|Atomic Robo: The Flying She-Devils of the Pacific #1
I recently started buying single issues of comics again. Not because I feel like I’m hurting the industry by trade-waiting (I don’t), but because it’s more fun that way. A lot of writers and publishers are making obvious efforts to create a more rewarding experience out of buying single-issues.
The trouble is that I’ve just started adding series to my pull list willy-nilly without giving a lot of thought to what I’m doing. That’s where this post comes in. I’m going to start assessing what I’m buying every week and make some choices. I need some limits, not only for budget reasons, but also to protect my time.
I’ve decided that a pull list of 20 series is pretty reasonable. That works out to about five, individual issues a week: a little over an hour of reading time and between $15 and $20. It doesn’t include graphic novels and series that read better in collected form (BPRD, for instance). I’ll have to assess those separately.
Last week, the single issues I bought were (in alphabetical order):
Frankenstein, Agent of SHADE
Of those seven, I know that I want four on my final list of 20.
I’ve been a fan of Atomic Robo since it started and though I also want the collections on my shelf where they’re easy to get to, it’s a comic that’s really made to be read as single issues. I resisted buying both versions, but it always hurts me when I pass up the monthly version on the shelves. That tells me something.
Courtney Crumrin is another series I’m going to want to keep buying. I love Ted Naifeh’s work in general and it’s great to be able to read about his terrifying, but so-cool, little witch girl on a regular schedule. Plus, the individual issues feel like complete units, even though they’re parts of a larger story.
|Courtney Crumrin #3
I just decided last week to check out Brian K Vaughan and Fiona Staple’s Saga instead of waiting for the collection. I’m glad I did, because it reminded me how much I enjoyed getting a new installment of a BKV comic every month. This one is a space opera with fantasy and horror elements and there’s a huge feeling that absolutely anything can happen from month to month. It’s a brand new universe that needs exploring.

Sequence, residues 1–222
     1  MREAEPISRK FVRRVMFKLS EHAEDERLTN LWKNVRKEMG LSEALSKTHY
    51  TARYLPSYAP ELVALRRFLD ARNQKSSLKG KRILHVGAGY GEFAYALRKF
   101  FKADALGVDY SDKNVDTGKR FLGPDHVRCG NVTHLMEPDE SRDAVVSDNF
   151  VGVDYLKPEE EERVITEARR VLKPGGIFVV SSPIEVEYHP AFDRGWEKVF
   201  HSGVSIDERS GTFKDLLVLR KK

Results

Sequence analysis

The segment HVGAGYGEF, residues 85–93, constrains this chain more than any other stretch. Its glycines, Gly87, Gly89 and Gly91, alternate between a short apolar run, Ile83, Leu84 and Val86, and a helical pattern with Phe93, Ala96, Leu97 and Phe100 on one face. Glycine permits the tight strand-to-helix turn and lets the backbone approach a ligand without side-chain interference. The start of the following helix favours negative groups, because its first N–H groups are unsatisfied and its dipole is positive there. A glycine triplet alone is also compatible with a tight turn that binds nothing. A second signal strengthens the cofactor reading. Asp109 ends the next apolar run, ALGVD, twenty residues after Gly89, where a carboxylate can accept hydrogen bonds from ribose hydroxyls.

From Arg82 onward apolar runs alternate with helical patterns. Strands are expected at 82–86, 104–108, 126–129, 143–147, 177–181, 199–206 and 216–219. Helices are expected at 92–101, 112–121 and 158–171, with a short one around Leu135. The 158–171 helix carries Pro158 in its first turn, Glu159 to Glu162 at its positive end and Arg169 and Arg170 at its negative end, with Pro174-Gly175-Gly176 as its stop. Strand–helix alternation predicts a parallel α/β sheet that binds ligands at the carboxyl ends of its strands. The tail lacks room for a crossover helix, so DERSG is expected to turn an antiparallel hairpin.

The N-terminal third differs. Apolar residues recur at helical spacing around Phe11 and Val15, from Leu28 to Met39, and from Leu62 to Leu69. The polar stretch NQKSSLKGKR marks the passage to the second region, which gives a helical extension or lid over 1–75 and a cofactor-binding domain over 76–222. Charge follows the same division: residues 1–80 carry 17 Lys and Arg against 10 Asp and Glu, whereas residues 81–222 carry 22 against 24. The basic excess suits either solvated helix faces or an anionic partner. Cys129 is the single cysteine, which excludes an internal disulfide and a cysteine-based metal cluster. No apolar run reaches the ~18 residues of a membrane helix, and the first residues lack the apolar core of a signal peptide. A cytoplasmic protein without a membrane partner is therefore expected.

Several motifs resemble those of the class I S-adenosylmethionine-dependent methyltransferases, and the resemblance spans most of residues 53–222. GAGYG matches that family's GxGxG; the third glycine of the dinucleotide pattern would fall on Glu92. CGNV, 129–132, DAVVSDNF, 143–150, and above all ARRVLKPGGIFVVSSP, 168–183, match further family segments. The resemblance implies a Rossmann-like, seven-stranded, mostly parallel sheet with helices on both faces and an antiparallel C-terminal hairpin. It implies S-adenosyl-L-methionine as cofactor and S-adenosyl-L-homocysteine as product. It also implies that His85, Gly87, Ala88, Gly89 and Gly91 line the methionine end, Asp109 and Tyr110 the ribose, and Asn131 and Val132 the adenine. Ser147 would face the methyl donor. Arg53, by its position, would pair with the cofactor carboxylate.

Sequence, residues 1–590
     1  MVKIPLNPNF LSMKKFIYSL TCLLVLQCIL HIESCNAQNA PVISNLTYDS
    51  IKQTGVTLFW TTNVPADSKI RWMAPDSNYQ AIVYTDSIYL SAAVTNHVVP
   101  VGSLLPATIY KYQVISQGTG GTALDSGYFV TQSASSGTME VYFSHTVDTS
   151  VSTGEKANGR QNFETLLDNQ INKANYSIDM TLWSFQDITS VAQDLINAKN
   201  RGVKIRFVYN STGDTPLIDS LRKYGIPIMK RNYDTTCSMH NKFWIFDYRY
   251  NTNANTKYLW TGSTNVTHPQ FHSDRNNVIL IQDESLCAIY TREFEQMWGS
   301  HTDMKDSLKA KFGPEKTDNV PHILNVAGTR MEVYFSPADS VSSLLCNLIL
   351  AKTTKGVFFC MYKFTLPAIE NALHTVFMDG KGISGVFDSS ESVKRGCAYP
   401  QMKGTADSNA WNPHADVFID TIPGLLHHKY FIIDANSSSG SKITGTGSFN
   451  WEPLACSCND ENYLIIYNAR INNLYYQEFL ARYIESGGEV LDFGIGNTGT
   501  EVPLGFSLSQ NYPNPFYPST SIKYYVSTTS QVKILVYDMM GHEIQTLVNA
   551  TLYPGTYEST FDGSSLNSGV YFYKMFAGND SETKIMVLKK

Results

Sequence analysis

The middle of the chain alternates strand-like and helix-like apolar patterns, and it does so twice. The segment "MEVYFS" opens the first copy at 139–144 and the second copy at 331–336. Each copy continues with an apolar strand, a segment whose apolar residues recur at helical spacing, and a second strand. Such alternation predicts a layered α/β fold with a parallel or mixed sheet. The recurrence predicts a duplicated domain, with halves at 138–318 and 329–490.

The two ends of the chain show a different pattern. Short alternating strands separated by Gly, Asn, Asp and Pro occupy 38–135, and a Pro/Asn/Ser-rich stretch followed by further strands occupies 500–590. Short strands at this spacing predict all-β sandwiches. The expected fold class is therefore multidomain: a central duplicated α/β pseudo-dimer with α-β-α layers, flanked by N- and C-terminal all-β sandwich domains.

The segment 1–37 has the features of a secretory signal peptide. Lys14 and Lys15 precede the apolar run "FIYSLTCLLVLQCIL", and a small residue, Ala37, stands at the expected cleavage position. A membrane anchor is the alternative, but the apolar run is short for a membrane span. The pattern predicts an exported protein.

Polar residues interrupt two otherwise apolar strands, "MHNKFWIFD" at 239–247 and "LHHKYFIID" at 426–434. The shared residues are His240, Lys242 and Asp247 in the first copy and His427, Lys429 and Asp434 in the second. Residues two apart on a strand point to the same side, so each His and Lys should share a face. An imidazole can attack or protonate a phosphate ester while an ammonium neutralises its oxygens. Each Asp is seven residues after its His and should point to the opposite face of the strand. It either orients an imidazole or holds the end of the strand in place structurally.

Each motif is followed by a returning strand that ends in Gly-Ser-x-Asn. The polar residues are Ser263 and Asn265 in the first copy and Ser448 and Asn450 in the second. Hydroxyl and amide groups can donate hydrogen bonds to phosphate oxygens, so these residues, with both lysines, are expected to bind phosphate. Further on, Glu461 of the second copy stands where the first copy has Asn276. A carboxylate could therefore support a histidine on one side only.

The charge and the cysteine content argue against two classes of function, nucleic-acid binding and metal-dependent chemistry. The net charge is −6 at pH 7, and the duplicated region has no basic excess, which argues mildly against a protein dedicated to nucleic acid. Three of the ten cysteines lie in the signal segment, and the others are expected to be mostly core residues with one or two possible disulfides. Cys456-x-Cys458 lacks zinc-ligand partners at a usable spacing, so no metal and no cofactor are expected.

Finally, David Liss and Colton Worley’s The Spider is a fantastic pulp-superhero series that I don’t want to wait for.
The other three series are all on the bubble for various reasons. I really liked Frankenstein, Agent of SHADE when Jeff Lemire was writing it, and loved Matt Kindt’s first issue for what it was. The problem is that Kindt changed some things in a way that jolted me a little. It’s a speed bump I expect to be able to get over, but it shook my confidence some.
|The Spider #2
I’m also generally enjoying Aquaman (I’m behind on it, but catching up), but I’m not fully sold on it yet. I’m tired of the constant reminder that Aquaman’s a pop-culture joke and the series’ defensiveness about that. There was also a fill-in issue in which Mera is sexually harassed in an unbelievable, ridiculous way just so she can show how tough she is by beating the guy up. In other words, the comic feels desperate; like it has to cheat in order to make its heroes seem cool. On the other hand, Aquaman’s teamed up with a jungle girl, so that’s pretty great.
I’m almost positive I’m done with All-Star Western. It keeps retelling the same story in different ways and after ten issues, I’m looking for something new. As I keep adding series to my 20 every week, I expect All-Star Western to fall off the list pretty quickly.
Here’s how I rank these seven:
- Atomic Robo
- Courtney Crumrin
- The Spider
- Frankenstein, Agent of SHADE
- All-Star Western